Great, I’ve just spent an afternoon accessing a city that has to be the world record holder for university density. University density? – that has to be some sort of an oxymoron in an esoteric kind of way. Your intrepid traveler, never one to discourage easily, especially in light of the day’s earlier travel performance, sat down totally fed up. That display of self-pity lasted about 10 seconds and then it was off on my holy mission to locate Sir Michael of Schacter. I followed my instincts and, bolstered by specific instructions from the local townsfolk who knew which one of the 5 institutes of higher learning offered French Language as a summer course, I arrived at the correct university – only to be advised that there were three distinct campuses which made up this particular university. Instantly I began to understand why the French were so well fashioned to serve as bureaucrats. No national group on this planet spends more time creating and developing structures, organizational charts, and flow patterns which merely serve to infuriate those of us who actually prefer working and getting things done as opposed those who organize and planning ad nauseum for its own sake.
Just when it appeared that things could get no worse, I stumbled across two British girls, who upon hearing my tale of woe, took pity on me and offered accommodation for the night. Things seemed to suddenly get much better. But of course that didn’t last – I turned around, and there stood Michael. I was never happier and more disappointed at the same time. I regretfully had to turn down the girls’ offer, especially Vivian’s as she was really cute. I took solace in the fact that in our brief moments together it was determined that we would be in Greece at the same time later that autumn. I considered the interruption as a brief 3-month delay that would only serve to heighten the eventual experience. I said adieu, in my most perfect French accent after kissing her on both of her upper cheeks, vowing to meet up at some American Express hangout in Helas, but alas – this continued to be a crazy up and down day. I went back to Michael’s dorm and he handed me a letter that he had carted across the ocean for me from my girl friend Sheryl. I read it with a combination of excitement and trepidation. Guess who had re-scheduled her holiday in order to fly to Greece to meet up with me that autumn?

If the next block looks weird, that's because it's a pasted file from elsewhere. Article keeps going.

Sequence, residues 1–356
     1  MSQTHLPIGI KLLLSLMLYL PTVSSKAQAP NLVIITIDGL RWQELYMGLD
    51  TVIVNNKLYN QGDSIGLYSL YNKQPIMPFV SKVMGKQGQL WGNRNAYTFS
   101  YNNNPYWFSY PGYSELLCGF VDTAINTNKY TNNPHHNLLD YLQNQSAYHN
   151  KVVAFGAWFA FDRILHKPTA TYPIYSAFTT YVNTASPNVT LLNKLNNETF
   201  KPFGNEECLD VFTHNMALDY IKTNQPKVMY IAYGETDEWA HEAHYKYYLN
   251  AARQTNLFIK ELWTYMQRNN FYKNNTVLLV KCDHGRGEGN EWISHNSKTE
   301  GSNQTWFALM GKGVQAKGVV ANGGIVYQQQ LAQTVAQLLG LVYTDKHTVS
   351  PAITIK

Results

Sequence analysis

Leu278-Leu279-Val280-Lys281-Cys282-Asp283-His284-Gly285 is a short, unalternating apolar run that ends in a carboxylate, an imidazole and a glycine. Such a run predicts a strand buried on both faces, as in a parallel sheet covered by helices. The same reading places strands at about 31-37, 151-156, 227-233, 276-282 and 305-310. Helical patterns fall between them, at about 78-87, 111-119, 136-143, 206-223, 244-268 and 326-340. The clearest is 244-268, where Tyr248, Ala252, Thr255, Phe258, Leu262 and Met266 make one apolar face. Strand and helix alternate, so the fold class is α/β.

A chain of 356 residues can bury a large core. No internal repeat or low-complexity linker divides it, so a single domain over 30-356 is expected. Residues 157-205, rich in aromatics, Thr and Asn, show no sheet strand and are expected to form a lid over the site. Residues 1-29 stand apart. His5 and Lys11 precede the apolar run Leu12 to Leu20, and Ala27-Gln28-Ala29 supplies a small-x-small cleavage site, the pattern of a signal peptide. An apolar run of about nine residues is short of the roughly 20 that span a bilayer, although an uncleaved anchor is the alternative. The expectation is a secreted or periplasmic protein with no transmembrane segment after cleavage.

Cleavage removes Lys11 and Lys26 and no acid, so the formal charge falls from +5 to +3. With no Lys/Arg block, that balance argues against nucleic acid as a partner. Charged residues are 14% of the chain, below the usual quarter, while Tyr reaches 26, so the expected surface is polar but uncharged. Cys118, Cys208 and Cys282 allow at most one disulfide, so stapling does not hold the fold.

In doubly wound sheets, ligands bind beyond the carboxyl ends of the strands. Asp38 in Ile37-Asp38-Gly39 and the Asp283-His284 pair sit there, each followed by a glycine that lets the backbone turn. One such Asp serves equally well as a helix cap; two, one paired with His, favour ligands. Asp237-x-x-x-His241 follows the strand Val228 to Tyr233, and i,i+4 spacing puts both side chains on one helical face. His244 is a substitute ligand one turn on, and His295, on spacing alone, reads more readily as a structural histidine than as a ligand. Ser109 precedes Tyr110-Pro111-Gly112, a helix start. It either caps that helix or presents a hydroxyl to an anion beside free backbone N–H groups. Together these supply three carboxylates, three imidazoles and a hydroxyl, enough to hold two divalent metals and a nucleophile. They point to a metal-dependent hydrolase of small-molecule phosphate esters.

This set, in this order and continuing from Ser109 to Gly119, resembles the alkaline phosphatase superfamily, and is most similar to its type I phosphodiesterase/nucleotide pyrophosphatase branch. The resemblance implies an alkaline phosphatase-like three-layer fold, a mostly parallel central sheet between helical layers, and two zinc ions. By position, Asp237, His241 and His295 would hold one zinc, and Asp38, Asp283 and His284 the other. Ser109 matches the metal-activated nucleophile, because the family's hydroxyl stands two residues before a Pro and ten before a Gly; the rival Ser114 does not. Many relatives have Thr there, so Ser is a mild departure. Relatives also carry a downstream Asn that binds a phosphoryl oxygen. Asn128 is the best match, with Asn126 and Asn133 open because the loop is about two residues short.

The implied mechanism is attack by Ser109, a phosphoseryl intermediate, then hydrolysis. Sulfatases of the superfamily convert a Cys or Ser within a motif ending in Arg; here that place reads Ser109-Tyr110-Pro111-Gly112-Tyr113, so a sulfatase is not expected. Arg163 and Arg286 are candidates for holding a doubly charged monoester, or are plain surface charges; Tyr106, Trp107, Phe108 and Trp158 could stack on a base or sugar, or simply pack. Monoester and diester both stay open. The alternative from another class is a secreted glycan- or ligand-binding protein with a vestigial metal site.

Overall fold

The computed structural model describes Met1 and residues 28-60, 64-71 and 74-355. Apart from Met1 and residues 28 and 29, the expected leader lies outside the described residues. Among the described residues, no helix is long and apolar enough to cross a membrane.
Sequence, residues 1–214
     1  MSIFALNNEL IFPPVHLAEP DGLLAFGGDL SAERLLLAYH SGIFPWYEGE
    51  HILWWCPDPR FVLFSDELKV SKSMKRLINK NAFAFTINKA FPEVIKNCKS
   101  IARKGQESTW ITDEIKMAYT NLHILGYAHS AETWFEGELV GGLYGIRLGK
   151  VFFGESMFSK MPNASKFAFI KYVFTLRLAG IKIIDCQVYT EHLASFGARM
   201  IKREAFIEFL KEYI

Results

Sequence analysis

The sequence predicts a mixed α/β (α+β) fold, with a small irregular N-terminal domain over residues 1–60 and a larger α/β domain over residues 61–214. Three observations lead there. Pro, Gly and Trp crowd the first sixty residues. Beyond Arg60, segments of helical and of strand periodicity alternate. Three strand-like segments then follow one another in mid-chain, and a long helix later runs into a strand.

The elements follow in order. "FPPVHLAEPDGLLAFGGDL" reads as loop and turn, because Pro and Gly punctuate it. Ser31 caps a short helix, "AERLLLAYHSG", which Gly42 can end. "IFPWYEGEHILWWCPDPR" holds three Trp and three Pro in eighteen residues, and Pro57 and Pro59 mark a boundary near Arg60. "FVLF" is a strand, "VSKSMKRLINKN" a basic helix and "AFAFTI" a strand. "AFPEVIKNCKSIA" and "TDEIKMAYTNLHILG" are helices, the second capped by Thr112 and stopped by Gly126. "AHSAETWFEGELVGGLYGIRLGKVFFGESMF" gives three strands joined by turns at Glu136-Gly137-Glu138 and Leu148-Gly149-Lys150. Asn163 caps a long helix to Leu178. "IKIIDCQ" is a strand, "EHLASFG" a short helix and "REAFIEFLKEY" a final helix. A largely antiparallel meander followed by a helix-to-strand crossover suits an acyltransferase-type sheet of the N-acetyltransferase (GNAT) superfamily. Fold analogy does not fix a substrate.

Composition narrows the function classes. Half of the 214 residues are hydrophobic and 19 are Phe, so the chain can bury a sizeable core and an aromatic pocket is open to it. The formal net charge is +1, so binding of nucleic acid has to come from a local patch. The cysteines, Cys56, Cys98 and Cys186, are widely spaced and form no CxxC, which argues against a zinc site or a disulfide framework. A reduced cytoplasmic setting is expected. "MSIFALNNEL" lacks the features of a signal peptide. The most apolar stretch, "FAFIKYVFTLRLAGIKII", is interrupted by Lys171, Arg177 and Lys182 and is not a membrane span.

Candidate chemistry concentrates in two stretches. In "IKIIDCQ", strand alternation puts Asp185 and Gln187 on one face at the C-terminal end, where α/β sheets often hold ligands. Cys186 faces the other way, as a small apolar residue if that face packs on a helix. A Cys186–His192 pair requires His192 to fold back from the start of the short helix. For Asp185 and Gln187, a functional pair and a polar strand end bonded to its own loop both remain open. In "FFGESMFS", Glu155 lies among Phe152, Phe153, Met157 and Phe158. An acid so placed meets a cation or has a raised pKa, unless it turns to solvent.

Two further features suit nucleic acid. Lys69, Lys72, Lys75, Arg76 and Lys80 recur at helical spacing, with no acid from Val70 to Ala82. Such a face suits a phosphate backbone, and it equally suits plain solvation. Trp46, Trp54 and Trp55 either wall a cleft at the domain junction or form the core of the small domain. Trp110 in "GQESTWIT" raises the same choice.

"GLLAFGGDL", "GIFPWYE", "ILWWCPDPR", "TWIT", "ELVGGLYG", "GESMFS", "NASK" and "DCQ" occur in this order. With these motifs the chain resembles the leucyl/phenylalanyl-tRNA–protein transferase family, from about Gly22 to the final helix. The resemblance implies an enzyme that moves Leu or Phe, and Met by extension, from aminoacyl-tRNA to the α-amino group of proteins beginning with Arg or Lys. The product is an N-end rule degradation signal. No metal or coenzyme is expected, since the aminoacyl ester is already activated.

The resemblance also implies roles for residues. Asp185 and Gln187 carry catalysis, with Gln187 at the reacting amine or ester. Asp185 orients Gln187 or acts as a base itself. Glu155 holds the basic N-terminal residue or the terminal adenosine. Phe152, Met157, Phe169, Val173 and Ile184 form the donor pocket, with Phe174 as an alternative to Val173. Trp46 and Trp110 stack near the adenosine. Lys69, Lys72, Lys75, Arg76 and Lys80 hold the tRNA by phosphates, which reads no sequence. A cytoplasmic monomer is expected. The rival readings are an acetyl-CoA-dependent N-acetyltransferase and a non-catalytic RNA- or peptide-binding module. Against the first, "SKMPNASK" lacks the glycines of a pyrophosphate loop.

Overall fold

Deciding to avoid the future for the present, I turned to Michael and suggested we go outside in order to acclimate myself to the local flora and fauna - especially the fauna. He led me to a garden in the center of the campus. We had to navigate our way through a labyrinth of trees, bushes and flowers (enough of the flora – on to the fauna). We arrived at a clearing stocked with a highly convivial bunch of Swedes, Dutch, Danes, and Canadians. They all had healthy glows, smiles on their faces, wore well fitting casual apparel and were having a grand ole time conversing, joking, and generally hanging out. Although the common thread shared by all in attendance was the desire to brush up on their French language skills, the true langua franca of the group was English. The occasional gesture or acknowledgement was made to their program and its encompassing philosophy that all discussions, curricular and extra, were to be held in French, but that paean to French linguistic alacrity lasted about as long as the French Resistance did to the Germans. It was back to English and fun,fun,fun as the garcons de plage would have you believe. I quickly realized that this was not an institution of higher learning – at least not during the summer months. What I had found myself immersed in wasn’t a school – it was a luxury resort! On top of that, as a guest of one of the students, I was able to have my own room and board for the pauperly sum of 65 F for the week.
I quickly assimilated myself, as any good traveler would, into a group that had grown tight together since their arrival a month earlier. It was a testament to my successful ability to adapt and ingratiate myself to any human environment that I presented myself to and I was getting pretty good at it. To become welcomed as a member of an existing cadre within hours of being introduced is a skill set tat I was born with. It derives from being able to instantly find a level of commonality with the individuals and to be able to discuss subjects of interest to them with authority and insight. Charm, dashing looks and intelligent, humorous wit doesn’t hurt either. We had a great time together that first evening; talking, drinking, and singing till well into the early morning hours.